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The New York Times : Lask Files Civil Rights Case for Former Detective Against State Troopers

Susan Chana Lask and Gary Wade

Susan Chana Lask with Gary Wade      Logo NYTimes

December 13, 2006

 

 

 

Convicted Former Detective Sues Over State Police Stop

BYLINE: By RICHARD G. JONES

DATELINE: TRENTON, Dec. 12


A former New Jersey police detective has filed a lawsuit accusing two New Jersey State Police troopers of punching him, improperly drawing a weapon and using excessive force during a traffic stop more than two years ago on the Garden State Parkway.
  Videotape from a camera mounted on the dashboard of a state police patrol car showed that within moments of stopping the vehicle, on Aug. 17, 2004, the troopers had ordered the detective, at gunpoint, to produce his license and registration, unbuckled his seat belt and removed him from the car.
It showed one trooper hitting the detective in the back of the head before the other shoved him to the ground, where he was doused with pepper spray and handcuffed.
  The detective, Gary S. Wade, who worked for the Police Department in Tinton Falls, N.J., for eight years, was driving an unmarked police car and wearing his badge on his belt.
  ''I just look at it almost like a bad dream,'' Mr. Wade, 33, said in an interview on Tuesday night. ''I was treated wrongly here on this side of the road for no reason whatsoever. At that point, it made me feel like: If they're treating police officers like this, in uniform, what is going on in the state police?''
  A spokesman for the state police defended the actions of the troopers involved, Michael Colaner and David Ryan. The spokesman, Capt. Al Della Fave, pointed to Mr. Wade's conviction on charges of obstruction of justice and careless driving from the traffic stop as proof that the troopers' conduct was justified. Mr. Wade was ordered to pay $400 in fines.
  ''This case has been through the courts,'' Captain Della Fave said. ''It's extremely baffling to me how he would bring suit under such circumstances.''
  Mr. Wade was forced to resign after his conviction, which was upheld on appeal last month in New Jersey Superior Court. He had been suspended without pay for all but one month since the ep-isode.
  In the interview, Mr. Wade said that he was driving to work in Tinton Falls, in Monmouth County, when his blue Ford Crown Victoria was pulled over by two troopers who suspected him of speeding. The videotape showed that one trooper had drawn his gun barely 30 seconds after ap-proaching the car. According to the police report submitted by Mr. Colaner, the troopers were unsure whether Mr. Wade was impersonating a police officer when they pulled his car over.
  ''I was still uncertain if I was dealing with a police officer, a bounty hunter, an emergency ser-vices volunteer or a private citizen with a replica police car,'' Mr. Colander wrote, noting several similar occurrences in his patrol area in the months before the stop involving Mr. Wade.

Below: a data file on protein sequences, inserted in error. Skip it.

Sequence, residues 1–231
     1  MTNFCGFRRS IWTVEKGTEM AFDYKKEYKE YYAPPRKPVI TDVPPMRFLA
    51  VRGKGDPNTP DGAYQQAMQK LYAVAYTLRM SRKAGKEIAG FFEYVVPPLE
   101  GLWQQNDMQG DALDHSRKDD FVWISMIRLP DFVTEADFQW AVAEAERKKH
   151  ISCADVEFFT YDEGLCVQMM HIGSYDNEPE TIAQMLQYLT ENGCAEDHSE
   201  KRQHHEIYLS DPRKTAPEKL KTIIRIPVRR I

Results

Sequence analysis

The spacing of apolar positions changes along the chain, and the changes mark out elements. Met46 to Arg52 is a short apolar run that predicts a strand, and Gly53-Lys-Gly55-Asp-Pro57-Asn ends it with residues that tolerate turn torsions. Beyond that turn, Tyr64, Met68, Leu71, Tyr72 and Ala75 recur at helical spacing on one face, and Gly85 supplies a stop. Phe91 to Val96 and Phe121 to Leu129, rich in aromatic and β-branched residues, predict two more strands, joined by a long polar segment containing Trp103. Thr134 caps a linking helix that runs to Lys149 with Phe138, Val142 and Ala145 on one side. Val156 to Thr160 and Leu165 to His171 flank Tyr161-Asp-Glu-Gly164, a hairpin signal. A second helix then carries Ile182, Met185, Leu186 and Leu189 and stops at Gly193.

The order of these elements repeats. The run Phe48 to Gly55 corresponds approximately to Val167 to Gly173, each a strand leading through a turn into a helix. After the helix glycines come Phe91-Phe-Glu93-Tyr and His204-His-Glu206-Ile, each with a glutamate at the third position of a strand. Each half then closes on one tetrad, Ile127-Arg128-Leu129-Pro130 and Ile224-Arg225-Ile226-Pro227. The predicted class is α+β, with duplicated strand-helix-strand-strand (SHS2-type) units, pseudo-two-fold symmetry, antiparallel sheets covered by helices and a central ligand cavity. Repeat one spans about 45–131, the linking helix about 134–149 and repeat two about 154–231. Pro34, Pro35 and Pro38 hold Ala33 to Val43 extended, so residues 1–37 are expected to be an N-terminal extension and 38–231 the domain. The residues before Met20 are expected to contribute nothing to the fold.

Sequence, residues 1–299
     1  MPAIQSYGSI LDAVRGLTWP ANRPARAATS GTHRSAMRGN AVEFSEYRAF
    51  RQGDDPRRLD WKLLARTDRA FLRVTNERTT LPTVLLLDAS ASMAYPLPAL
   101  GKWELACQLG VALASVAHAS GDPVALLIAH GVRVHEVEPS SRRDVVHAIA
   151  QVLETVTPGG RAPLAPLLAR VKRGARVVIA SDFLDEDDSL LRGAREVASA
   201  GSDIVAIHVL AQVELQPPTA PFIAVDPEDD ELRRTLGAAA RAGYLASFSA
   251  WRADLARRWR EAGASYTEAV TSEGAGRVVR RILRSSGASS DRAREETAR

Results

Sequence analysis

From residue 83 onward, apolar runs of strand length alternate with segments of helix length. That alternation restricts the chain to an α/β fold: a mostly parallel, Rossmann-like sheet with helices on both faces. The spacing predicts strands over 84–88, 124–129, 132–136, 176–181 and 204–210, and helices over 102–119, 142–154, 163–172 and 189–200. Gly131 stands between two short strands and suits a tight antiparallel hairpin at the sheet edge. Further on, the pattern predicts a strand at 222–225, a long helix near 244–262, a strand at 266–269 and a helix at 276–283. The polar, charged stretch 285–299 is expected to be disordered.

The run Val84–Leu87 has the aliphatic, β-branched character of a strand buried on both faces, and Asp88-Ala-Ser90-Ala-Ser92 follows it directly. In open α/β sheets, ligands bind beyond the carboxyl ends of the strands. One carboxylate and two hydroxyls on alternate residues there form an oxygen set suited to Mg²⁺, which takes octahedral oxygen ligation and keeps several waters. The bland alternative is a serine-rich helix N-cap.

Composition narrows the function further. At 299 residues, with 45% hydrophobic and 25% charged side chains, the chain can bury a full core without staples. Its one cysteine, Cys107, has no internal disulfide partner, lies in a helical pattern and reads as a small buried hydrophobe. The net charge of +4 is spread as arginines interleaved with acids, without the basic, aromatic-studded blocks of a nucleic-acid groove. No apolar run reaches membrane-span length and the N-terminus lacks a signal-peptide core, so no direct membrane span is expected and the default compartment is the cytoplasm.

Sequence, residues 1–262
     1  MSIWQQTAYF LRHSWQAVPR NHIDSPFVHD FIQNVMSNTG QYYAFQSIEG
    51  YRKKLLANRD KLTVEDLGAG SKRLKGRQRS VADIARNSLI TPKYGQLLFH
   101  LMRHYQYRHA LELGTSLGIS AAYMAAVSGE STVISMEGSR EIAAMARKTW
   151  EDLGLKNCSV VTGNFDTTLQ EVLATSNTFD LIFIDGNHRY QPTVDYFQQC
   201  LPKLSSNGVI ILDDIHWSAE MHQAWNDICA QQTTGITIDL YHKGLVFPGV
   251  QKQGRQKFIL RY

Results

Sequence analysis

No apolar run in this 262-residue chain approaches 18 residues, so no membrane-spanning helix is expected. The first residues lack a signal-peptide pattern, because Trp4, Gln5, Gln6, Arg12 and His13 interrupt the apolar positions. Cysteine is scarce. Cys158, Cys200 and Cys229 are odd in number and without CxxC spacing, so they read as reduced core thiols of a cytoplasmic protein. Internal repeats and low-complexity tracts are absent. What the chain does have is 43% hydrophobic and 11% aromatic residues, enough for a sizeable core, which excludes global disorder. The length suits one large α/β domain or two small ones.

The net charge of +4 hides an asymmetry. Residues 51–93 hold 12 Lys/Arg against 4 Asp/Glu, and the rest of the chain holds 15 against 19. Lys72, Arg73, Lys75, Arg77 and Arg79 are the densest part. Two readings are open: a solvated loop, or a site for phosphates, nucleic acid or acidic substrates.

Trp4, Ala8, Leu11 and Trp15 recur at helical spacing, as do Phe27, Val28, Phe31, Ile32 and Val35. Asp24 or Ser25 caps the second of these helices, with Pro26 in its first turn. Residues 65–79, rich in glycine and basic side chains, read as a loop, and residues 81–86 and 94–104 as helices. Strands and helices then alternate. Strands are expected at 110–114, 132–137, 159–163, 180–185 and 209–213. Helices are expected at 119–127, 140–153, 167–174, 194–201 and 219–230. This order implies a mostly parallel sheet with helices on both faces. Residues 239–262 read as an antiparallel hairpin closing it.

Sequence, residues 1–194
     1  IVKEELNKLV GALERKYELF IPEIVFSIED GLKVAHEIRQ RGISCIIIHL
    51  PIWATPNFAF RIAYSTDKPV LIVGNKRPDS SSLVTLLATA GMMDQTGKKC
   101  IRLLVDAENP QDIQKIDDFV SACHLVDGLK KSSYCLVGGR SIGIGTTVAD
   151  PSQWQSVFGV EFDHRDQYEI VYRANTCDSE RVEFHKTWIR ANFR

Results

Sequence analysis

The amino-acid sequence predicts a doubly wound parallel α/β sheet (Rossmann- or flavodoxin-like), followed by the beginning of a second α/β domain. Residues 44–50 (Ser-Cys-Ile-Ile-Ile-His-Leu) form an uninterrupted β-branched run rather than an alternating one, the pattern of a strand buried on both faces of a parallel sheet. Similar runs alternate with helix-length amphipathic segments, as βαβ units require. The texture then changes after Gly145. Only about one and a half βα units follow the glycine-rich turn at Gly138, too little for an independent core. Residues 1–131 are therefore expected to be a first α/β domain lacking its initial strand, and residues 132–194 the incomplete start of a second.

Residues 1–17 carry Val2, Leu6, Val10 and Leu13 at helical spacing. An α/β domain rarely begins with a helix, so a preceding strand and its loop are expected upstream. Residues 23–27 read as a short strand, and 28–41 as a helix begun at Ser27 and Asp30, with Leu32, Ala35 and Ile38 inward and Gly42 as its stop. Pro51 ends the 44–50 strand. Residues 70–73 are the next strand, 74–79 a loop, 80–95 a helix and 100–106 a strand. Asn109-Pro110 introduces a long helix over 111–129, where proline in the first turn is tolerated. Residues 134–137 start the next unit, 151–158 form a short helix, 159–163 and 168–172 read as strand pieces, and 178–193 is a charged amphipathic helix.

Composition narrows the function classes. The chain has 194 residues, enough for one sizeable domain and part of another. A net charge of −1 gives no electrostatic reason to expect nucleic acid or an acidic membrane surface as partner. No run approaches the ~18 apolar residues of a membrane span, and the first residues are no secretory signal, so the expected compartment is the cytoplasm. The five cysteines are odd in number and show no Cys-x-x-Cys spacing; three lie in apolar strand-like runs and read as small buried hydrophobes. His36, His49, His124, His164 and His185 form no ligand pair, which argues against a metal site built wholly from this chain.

Mr. Wade's lawyer, Susan Chana Lask, dismissed that explanation, noting that Mr. Wade was wearing his badge on his belt and a Tinton Falls police shirt with an embroidered badge on his chest. His vehicle had a police spotlight on the driver's side window. ''It doesn't matter what he thought or didn't think or what his excuse is,'' Ms. Lask said of the trooper. ''You don't pull a gun on a citizen; you don't punch them in the back of the head during a traffic stop for no reason.''
  Mr. Wade, who said that he was still wearing his seat belt and talking on his police radio when the troopers approached his car, added that he clearly identified himself as a police officer and, fol-lowing department procedure, called his supervisor to come to the scene.
  ''When he first came up to the car I showed him the badge on my belt, and there's a badge on my chest,'' Mr. Wade said of the trooper. ''I mean, I'm in a police car.''
  According to a transcript of the video recording that was prepared by his lawyer, Mr. Wade asked Mr. Colaner twice why he was being pulled over. Mr. Colaner did not answer, instead asking for Mr. Wade's license and registration.
  ''I want to see a supervisor out here right now because you are pulling me over for no reason in my own town,'' Mr. Wade said.
  Moments later, Mr. Colander announced that he was arresting Mr. Wade, who was still sitting his car, for disorderly conduct. After a 90-second exchange, the troopers removed Mr. Wade from the car and forced him to the ground, according to the videotape.
  One of the troopers, who appeared to be leaning on Mr. Wade's back, looked up toward the camera in the patrol car recording the events.
  At one point, Mr. Wade said: ''I hope your camera's running. I really do hope your camera's running.''

CORRECTION-DATE: December 15, 2006

CORRECTION:
An article on Wednesday about a lawsuit accusing two New Jersey state troopers of using ex-cessive force against a police detective from Tinton Falls, N.J., during a traffic stop on the Garden State Parkway in 2004, misspelled the surname of one trooper at two points. He is Michael Colaner, not Colander.

GRAPHIC: Photos: An image from a state police dashboard camera in 2004 showed two troopers subduing a local police detective behind his car in New Jersey.
 Gary S. Wade was an eight-year police veteran in Tinton Falls, N.J. (Photo by James Estrin/The New York Times)